If the real-world locales are special and lavish, the contents of the various minds you’ll explore are absolutely surreal, and they push the boundaries of what you might typically imagine is possible in creative level design in nearly every conceivable way. The unconstrained environment of imagination can be a blessing or a curse, as allowing for total creative freedom can make it hard to know where to set boundaries. Psychonauts 2 manages this in a way that feels effortless, through clever usage of strong themes in each of its mindscapes that help define the parameters of what can exist within them. The variety and creativity present in the series’ mission design has always been one of its best quality, and in that way Psychonauts 2 continues in the tradition of finding all manner of ways to surprise the player, deftly weaving paths through numerous twisted places, connected and unified by consistent mechanics and elements that help ground you as you try to wrap your head around the sheer impossibility of each new place you visit or mind you explore. And let me tell you, you will see some shit in this game, starting from moment one and seldom letting off the gas.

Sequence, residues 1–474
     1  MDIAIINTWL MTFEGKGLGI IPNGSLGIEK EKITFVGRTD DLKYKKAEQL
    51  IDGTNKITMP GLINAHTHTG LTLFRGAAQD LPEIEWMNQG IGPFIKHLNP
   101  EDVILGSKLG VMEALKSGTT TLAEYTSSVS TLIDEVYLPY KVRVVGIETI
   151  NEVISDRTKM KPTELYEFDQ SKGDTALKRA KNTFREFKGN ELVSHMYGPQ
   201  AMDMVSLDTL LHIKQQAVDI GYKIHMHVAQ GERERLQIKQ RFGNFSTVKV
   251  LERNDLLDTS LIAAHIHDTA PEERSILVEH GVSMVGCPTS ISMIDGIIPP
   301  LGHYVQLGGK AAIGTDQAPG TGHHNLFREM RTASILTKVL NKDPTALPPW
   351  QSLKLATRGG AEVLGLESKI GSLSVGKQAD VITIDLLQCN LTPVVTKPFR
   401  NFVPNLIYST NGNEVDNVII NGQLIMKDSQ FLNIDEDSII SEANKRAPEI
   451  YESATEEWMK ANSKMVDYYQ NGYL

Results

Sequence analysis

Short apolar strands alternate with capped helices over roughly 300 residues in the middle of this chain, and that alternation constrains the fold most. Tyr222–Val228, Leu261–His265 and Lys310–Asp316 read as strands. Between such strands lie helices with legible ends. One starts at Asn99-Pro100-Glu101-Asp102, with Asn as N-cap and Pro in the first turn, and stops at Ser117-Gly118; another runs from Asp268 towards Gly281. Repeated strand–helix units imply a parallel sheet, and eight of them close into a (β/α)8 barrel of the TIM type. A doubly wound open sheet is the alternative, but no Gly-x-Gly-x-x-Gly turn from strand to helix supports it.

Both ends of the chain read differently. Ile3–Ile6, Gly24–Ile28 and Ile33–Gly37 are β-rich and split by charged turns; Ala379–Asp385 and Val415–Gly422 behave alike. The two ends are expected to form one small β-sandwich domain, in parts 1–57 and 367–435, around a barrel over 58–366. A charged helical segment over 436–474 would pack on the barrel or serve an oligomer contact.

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The game opens with a level that tutorializes Raz’s movement and abilities, and the game’s core mechanics pretty well, but it all takes place in the mind of demented former dentist Caligosto Loboto (Dr. Loboto is still one of the funniest names I’ve ever heard), so when things go awry it’s no big surprise that the boring bureaucratic office environment that was created for his simulation becomes overrun with giant walls of gums and teeth, in a turn that’s equal parts whimsical and disturbing. It’s a literally visceral enough experience that the game presents a warning at the outset about dental imagery, a kind and necessary gesture as anybody with a phobia of those themes would likely be challenged to make their way through the level. Mental health-focused warnings are a pitch-perfect inclusion by Doublefine, considering that mental wellness plays a central role in the story’s overall themes and many of its subplots, and it’s heartening to see them take the issue seriously and treat it with reverence.

This is apt too, because while Psychonauts 2 deals heavily in the whimsical, it is still dark and graphic in ways that can push the boundaries of your discomfort. It generally does so playfully, and it knows how to show restraint, but the point is to make you feel things. Honestly, one of the best things I can say about Psychonauts 2 is that even amongst all of the things it does so well, the thing it excels at is connecting with the player emotionally. I have seldom experienced games that make me react on so many different parts of the emotional spectrum; the writing and presentation are so strong and work so well together, I couldn’t help but be fully immersed in the world. The game’s many jokes are genuinely funny, the disturbing parts thoroughly unsettling (but like the fun, safe kind), and you will feel sadness, loss, regret, and frustration on behalf of the characters you meet and the journeys they go on because it is so easy to identify and connect with them. It’s truly remarkable and reason enough to play it.